At the next meeting, we’ll be putting together our Operation Christmas Child boxes. MOPS International is proud to partner with Operation Christmas Child, and every year MOPS moms assemble hundreds of boxes.
In our own Ridge MOPS group, Brittany Hyde has been a part of this ministry on the front lines. In 2008, she traveled to Africa and saw the impact of the boxes first-hand. I asked her to share some of her experience with us.
Describe your trip.
Brittany: I was on a month long mission trip in Rwanda. One of the things I did was deliver hundreds of the Samaritan’s Purse Operation Christmas Child shoe boxes to a large school in the city. The children put on a performance for us that was filled with singing and dancing and prayer. Afterwards we brought out the boxes and handed them out according to the gender and age.
What was a memorable moment?
Brittany: Seeing the excitement on the children’s faces. When the boxes started coming out they were jumping up and down and yelling with such joy. They could not have been more grateful to receive a gift.
What are your personal tips for those putting boxes together?
Brittany: Most of the kids did not know what the majority of the items were in the boxes. Since these are put together during the Christmas season many people fill the boxes with items with Santa Claus on them. These kids are living in extreme poverty and do not know who Santa is and it is not easy trying to explain who he is when they ask. They also do not know how to play with certain toys that to us are simple, such as silly putty. So the more basic the item and toy the better for them. Something they would automatically know what to do with, such as a toothbrush, stuffed toy, or a ball. Any type of high tech item or obscure toy is not recommended as the kids get confused and move on to the next thing. Also these boxes are going to sub-tropical climates in the spring or summer time, usually in Africa, so winter clothes (gloves, scarves) are not necessary as it never gets cold enough for the kids to use them.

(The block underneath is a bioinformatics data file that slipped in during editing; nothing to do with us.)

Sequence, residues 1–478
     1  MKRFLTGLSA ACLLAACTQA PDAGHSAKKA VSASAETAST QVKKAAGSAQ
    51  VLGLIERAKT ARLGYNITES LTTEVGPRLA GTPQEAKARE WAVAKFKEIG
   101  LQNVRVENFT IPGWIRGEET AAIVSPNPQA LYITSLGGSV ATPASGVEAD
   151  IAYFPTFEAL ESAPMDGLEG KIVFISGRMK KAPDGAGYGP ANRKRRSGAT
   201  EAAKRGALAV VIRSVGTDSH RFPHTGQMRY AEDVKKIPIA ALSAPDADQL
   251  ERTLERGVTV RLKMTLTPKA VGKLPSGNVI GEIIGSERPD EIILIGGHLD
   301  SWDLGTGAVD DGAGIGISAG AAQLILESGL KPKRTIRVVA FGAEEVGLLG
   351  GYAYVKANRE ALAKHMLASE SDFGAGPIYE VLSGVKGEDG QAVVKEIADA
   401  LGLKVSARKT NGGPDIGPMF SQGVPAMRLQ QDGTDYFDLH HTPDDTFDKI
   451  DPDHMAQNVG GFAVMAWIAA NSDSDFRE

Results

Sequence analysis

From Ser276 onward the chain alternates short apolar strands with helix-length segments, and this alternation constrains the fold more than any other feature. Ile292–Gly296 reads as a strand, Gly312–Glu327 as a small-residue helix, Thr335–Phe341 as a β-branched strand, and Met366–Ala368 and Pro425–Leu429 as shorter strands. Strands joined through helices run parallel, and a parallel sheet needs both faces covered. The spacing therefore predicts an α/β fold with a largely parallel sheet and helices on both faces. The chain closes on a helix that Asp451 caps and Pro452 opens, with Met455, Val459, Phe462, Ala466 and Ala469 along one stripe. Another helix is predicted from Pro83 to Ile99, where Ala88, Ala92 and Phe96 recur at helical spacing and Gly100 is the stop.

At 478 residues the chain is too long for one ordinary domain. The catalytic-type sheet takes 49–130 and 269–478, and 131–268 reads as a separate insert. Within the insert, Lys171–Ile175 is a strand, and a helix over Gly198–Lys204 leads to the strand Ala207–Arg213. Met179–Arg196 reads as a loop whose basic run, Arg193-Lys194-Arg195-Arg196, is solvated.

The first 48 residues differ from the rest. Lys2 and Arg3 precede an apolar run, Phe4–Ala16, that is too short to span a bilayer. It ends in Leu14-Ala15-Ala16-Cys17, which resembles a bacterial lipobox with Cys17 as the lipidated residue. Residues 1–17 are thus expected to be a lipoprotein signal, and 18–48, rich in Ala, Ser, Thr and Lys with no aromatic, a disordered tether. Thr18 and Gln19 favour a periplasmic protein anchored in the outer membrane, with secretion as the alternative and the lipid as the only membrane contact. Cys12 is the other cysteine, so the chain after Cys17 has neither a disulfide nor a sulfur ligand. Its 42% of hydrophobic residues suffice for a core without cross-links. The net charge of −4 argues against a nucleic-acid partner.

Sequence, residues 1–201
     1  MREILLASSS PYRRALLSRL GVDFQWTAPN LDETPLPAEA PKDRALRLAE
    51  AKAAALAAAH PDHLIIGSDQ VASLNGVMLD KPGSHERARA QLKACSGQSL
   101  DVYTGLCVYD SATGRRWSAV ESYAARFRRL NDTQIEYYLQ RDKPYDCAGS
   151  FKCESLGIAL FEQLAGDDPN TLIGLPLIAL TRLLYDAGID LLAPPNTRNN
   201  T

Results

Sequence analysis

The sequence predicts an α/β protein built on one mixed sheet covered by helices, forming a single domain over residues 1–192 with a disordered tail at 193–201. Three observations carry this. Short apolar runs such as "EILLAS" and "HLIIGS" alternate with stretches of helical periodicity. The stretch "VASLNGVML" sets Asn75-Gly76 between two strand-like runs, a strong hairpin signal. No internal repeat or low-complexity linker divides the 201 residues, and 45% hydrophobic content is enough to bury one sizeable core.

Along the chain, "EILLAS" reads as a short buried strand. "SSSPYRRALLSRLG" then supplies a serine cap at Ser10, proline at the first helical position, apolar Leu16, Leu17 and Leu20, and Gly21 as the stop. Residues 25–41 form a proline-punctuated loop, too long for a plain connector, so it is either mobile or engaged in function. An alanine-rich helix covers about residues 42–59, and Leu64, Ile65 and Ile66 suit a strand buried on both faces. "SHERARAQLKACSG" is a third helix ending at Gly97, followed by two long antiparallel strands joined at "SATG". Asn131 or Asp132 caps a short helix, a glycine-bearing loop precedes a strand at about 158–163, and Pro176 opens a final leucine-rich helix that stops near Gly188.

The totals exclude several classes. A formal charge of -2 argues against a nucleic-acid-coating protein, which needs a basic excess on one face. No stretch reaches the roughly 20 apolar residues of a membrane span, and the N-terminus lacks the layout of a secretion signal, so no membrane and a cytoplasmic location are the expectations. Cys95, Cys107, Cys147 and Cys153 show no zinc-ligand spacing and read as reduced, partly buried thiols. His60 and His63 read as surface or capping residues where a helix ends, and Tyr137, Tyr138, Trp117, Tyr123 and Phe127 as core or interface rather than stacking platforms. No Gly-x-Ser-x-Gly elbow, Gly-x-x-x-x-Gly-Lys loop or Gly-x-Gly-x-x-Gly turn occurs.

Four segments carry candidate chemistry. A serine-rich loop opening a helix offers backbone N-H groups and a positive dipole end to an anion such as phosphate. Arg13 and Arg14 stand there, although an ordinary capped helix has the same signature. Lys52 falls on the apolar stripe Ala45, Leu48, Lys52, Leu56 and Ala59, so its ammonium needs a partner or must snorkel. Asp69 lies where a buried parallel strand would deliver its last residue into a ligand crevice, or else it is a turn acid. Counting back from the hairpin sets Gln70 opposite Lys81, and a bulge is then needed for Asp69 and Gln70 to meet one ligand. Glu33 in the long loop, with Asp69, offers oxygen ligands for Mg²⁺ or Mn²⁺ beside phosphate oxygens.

Some good recommendations include: Socks, t-shirts, sunglasses, hats, hygiene items, school supplies (including manual pencil sharpeners), jump rope, balls, toy trucks or dolls.
Anything else to add?
Brittany: Think simple. Remember these are kids that have never seen a cartoon, been to Disneyland or a shopping mall. They do not know what most toy items are and they have never had a Christmas like we do in the U.S. So they do not understand our traditions. While the Santa item may be cute to you, the child receiving it may disregard it because they have no idea what to do with it. I’ve even seen some younger kids be scared of images of a big “white” Santa. I had to show a little girl how to use chap stick, that’s how removed these kids are from what we know.
I would not pack anything that requires batteries since there are restrictions with shipping batteries now and once the batteries die in the toy, they do not have access to more. Also candy isn’t great because tooth decay is a problem and sugar adds to that as well as it lowers their immune systems. Also no toy guns or knives, glass items, liquids or vitamin supplements. It’s also nice when people include a personal note and picture. The kids like seeing photos of the person that packed their box, but its not necessary.
How neat to get a first-hand account of the Operation Christmas Child impact! Keep these tips in mind as you’re shopping for our boxes, and contact your table leader if you have any questions.